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    ABSTRACT: Basaloid proliferations of the prostate with morphologic patterns other than usual basal cell hyperplasia are rare, and the distinction between benign and malignant lesions has been difficult. We describe 23 such lesions and classify them into two groups: adenoid cystic-like hyperplasia and adenoid cystic or basaloid carcinoma. Adenoid cystic-like hyperplasia (n = 19) was characterized by an older age at presentation (mean, 71.8 years), transition zone location with background of nodular hyperplasia, multifocality, lobulation, circumscription, and small acini with occasional hyalinization. A cribriform pattern limited to small- and medium-sized glands, squamous metaplasia, and hypercellular myxoid stroma were occasionally seen. Adenoid cystic carcinoma (n = 3) was characterized by a younger age at presentation (mean, 46.0 years), peripheral zone involvement, and large acini that were often dilated and exhibited extensive interanastomoses, prominent intraglandular hyalinization, perineural invasion , and extraprostatic extension. Basaloid carcinoma (n = 1) showed infiltration between normal glands, perineural invasion, and extraprostatic extension but lacked a cribriform architecture. The degree of cytologic atypia and mitotic rate overlapped between the hyperplasia and carcinoma cases. Both hyperplastic lesions and adenoid cystic carcinomas showed a basal cell phenotype with strong immunoreactivity to cytokeratins 14 and 34betaE12, but the basaloid carcinoma was negative for these markers. In all cases, the proliferating basal cells were nonreactive for myoepithelial and prostatic secretory cell markers. The 8 patients with adenoid cystic-like hyperplasia with available follow-up information had no progression of disease (mean follow-up period, 8.6 years). One patient with adenoid cystic carcinoma died with widespread metastases, but the 3 other patients with carcinomas had no disease progression (mean follow-up period, 7.0 years). In conclusion, most florid basaloid proliferations of the prostate fall into one of two categories. In the first, there is a clear association with nodular hyperplasia (adenoid cystic-like hyperplasia) and, although cytologic atypia and mitoses may be seen, they are present within a lesion that retains an orderly, vaguely nodular (noninfiltrative) pattern. The second group of cases (adenoid cystic and basaloid carcinoma) shows a widespread, haphazard infiltrative growth pattern. This study suggests that adenoid cystic carcinomas are biologically indolent following prostatectomy but have a low risk of distant metastasis.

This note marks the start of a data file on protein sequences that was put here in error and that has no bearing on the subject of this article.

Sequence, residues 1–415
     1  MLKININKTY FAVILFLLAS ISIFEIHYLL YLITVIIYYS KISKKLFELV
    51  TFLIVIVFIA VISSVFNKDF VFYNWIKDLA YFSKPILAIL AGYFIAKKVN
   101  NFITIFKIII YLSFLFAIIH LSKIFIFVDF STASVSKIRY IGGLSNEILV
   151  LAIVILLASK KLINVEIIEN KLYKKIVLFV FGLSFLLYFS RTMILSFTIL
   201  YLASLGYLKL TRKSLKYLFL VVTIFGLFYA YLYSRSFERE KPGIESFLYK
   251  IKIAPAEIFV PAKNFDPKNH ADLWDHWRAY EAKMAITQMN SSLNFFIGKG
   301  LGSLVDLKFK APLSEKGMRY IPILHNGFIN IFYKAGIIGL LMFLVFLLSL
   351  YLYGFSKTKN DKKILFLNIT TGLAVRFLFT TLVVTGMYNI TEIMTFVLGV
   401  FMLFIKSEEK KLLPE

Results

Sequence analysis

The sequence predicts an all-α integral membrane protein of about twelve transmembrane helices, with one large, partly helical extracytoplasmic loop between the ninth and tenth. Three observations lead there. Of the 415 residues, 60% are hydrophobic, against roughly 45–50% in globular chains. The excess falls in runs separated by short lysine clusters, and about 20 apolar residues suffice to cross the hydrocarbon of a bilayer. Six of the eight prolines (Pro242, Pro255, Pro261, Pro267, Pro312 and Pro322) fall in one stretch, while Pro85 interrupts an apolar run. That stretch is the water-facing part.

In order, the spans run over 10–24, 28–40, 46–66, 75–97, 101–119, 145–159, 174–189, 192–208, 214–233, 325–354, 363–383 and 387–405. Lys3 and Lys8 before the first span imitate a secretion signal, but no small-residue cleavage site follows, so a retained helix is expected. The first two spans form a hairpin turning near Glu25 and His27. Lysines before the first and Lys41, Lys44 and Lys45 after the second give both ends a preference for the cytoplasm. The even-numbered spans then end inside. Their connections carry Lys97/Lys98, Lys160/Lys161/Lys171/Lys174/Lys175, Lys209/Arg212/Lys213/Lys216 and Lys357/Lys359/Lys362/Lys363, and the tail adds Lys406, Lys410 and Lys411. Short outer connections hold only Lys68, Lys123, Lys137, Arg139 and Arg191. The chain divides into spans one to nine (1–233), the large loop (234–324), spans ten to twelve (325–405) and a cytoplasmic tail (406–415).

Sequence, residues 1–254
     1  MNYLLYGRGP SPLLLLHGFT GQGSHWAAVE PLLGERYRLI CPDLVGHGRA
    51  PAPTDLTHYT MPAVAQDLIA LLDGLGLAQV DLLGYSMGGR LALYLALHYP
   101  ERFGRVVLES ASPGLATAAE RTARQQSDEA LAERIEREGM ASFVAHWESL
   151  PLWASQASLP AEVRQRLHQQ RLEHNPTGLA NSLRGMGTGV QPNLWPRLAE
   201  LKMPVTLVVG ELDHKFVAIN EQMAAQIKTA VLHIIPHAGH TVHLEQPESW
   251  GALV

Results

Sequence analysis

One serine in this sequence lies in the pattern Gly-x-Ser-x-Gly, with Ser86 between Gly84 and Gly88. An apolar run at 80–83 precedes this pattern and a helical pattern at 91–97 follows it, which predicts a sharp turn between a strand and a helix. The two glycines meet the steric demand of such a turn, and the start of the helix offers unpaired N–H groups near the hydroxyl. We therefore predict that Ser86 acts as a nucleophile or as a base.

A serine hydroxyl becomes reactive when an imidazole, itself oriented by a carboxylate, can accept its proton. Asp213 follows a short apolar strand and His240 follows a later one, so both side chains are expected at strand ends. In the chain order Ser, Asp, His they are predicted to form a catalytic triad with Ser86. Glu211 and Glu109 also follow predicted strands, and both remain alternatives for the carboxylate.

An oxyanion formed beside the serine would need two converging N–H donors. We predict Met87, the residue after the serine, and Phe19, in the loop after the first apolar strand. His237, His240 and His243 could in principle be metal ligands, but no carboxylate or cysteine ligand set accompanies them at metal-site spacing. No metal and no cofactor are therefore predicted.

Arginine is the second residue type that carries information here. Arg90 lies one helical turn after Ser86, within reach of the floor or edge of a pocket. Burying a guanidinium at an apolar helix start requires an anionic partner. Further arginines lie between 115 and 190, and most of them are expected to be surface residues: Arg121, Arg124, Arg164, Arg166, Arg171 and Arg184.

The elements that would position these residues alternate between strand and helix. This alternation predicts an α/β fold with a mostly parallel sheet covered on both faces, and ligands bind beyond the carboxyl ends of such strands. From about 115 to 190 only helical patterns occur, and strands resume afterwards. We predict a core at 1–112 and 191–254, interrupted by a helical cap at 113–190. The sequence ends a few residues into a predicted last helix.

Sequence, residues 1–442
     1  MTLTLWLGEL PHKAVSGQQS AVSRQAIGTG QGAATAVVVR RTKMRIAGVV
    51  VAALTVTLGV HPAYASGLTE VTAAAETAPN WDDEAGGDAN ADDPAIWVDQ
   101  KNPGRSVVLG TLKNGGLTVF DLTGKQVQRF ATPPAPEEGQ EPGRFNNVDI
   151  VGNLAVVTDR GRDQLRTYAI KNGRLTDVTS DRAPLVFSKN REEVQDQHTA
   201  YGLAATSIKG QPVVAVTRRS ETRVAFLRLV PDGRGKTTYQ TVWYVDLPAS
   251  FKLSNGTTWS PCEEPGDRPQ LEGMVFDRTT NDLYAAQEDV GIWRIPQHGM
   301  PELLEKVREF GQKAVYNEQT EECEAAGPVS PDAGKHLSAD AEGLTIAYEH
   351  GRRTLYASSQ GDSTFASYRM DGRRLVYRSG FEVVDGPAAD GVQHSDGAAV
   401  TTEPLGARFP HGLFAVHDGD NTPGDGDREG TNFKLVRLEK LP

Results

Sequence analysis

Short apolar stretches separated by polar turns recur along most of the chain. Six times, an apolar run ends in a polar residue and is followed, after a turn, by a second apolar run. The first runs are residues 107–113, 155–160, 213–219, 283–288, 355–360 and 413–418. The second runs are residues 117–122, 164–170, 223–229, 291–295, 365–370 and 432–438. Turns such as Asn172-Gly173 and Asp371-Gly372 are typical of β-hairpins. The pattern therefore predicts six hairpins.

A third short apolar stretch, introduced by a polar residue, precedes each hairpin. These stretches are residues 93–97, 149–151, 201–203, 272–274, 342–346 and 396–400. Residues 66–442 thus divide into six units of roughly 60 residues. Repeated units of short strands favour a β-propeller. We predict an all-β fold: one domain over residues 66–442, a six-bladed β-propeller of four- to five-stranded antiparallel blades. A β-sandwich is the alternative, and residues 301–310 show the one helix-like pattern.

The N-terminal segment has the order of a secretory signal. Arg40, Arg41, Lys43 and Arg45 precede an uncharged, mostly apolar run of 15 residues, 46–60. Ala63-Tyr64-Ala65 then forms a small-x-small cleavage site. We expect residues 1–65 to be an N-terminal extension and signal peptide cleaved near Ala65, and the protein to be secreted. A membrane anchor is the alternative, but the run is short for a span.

No preview · Article · Oct 2004 · American Journal of Surgical Pathology
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    ABSTRACT: To test whether alpha-methylacyl-CoA racemase (AMACR) is a sensitive and specific marker of prostate cancer. The expression levels of AMACR mRNA were measured by real-time polymerase chain reaction. A total of 807 prostatic specimens were further examined by immunohistochemistry specific for AMACR. Quantitative immunostaining analyses were carried out by using the ChromaVision Automated Cellular Imaging System and the Ariol SL-50 Imaging System, respectively. AMACR mRNA levels measured in prostatic adenocarcinoma were 55 times higher than those in benign prostate tissue. Of 454 cases of prostatic adenocarcinoma, 441 were positive for AMACR, while 254 of 277 cases of benign prostate were negative for AMACR. The sensitivity and specificity of AMACR immunodetection of prostatic adenocarcinomas were 97% and 92%, respectively. Both positive and negative predictive values were 95%. By automatic imaging analyses, the AMACR immunostaining intensity and percentage in prostatic adenocarcinomas were also significantly higher than those in benign prostatic tissue (105.9 versus 16.1 for intensity, 45.7% versus 0.02% and 35.03% versus 4.64% for percentage, respectively). We have demonstrated the promising features of AMACR as a biomarker for prostate cancer in this large series and the potential to develop automated quantitative diagnostic tests.